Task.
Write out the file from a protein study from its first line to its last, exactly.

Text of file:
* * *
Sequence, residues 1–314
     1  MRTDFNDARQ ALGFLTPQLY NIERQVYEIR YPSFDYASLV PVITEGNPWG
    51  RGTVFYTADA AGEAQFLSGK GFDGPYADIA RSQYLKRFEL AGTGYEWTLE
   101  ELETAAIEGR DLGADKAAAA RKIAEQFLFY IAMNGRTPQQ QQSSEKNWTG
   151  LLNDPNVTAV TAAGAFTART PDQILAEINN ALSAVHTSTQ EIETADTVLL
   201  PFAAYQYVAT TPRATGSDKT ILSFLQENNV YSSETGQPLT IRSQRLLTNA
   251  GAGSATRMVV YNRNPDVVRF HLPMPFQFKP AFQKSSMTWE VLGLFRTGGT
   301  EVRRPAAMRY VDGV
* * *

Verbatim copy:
Sequence, residues 1–314
     1  MRTDFNDARQ ALGFLTPQLY NIERQVYEIR YPSFDYASLV PVITEGNPWG
    51  RGTVFYTADA AGEAQFLSGK GFDGPYADIA RSQYLKRFEL AGTGYEWTLE
   101  ELETAAIEGR DLGADKAAAA RKIAEQFLFY IAMNGRTPQQ QQSSEKNWTG
   151  LLNDPNVTAV TAAGAFTART PDQILAEINN ALSAVHTSTQ EIETADTVLL
   201  PFAAYQYVAT TPRATGSDKT ILSFLQENNV YSSETGQPLT IRSQRLLTNA
   251  GAGSATRMVV YNRNPDVVRF HLPMPFQFKP AFQKSSMTWE VLGLFRTGGT
   301  EVRRPAAMRY VDGV